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Food, Inc.: Mendel to Monsanto--The Promises and Perils of the Biotech Harvest

by Peter Pringle (Author)



Editorial Reviews

From Publishers Weekly
Imagine a world where yellow beans are patented, aromatic basmati rice has lost
its fragrance because of genetic tinkering and Canadian farmers are sued by
multinational behemoths because pollen from GM (genetically modified) crops
somehow got into their fields and fertilized their plants. You don't have to
imagine it: this, says Pringle, is the world we live in today. A widely
published journalist, Pringle (Those Are Real Bullets) paints a troubling
picture of the world's food supply. Multinational corporations are able to
patent genes from crops that have been cultivated by farmers for centuries;
governments of starving African nations refuse GM food they fear is poisonous;
scientists hastily publish research that is blown out of proportion by the news
media; and "green" activists vandalize greenhouses and fields where scientists
are conducting GM research. Pringle roundly castigates all sides. Scientists, he
says, have been remarkably inventive in their endeavors to improve the food we
eat, using a gene from daffodils, for example, in growing golden rice with high
levels of vitamin A that can help prevent blindness in the undernourished. But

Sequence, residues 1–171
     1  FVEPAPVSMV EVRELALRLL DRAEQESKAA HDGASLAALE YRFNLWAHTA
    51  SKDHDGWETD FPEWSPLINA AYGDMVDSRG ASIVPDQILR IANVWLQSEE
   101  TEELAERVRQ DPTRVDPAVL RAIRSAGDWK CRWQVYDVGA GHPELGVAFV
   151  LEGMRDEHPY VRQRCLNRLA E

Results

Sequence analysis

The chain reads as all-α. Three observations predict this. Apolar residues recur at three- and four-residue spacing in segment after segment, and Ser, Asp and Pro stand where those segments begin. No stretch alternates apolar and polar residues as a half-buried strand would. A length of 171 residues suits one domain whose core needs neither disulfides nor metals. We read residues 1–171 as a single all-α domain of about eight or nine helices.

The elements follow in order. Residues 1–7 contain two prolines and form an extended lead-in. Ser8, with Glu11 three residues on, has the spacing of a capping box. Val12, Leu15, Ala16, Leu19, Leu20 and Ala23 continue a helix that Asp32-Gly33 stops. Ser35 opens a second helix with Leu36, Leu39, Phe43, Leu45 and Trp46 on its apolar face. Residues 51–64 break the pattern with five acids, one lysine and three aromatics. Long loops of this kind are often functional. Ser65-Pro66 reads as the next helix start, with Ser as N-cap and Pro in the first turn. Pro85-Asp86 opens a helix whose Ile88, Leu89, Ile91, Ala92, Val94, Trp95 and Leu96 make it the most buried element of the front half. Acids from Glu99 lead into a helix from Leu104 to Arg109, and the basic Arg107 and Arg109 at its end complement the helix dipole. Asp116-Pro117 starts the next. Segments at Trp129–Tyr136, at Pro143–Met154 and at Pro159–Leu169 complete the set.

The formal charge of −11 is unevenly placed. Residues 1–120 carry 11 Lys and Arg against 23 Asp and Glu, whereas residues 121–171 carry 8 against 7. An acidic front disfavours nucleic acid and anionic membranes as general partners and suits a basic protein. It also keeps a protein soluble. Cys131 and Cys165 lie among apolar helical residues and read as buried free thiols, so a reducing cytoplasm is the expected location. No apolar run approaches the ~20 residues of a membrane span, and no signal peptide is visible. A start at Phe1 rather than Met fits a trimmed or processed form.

large corporations, he asserts, have squandered the public's good will toward GM
products as they rushed so-called "Frankenfoods" into stores without adequate
testing or disclosure of what makes it different. Pringle gives some glimmer of
hope for the future through time-honored methods of cross-pollination, but his
main story is of an industry with great potential for feeding starving millions
and reducing our reliance on chemical pesticides, but that has instead created a
global mess.

From School Library Journal
Adult/High School-Biotechnology inspires hope in some and horror in others. A
complex topic, it invokes many contemporary concerns-third world famine,
biodiversity, corporate responsibility, the ethics of corporate ownership of the
processes of life itself-and involves a bewildering array of interrelated
national and international legal, political, scientific, and economic forces.
Public discourse is polarized with scaremongering on one side and arrogance on
the other, and it is difficult for the nonspecialist to arrive at an informed
opinion. Here, in readable, journalistic fashion, Pringle provides what has been
missing: facts and explanations, reasoned argument, and common ground. He
reveals many dimensions of several controversies that will be familiar to most
readers from media coverage, yet remain poorly understood: Is the monarch
butterfly endangered by pesticide-laced corn? Are we throwing away our heritage
of biodiversity? Are plant hunters cultural pirates? As the title indicates,
Pringle points out the danger of a few large and poorly regulated corporations
owning and controlling so much of the world's agriculture and genetic
technology, but he doesn't demonize. Rather than simplifying a complicated
subject, he accomplishes the more difficult task of presenting the complexities
of genetic science, academic politics, corporate strategies, or international
treaties in such a clear and interesting manner that readers come to appreciate
and understand them. This is a book to satisfy curiosity and engender concern,
and any of its chapters would provide an excellent subject for discussion groups.

Product Details

Paperback: 256 pages
Publisher: Simon & Schuster (February 8, 2005)
Language: English
ISBN-10: 0641695764

 

 

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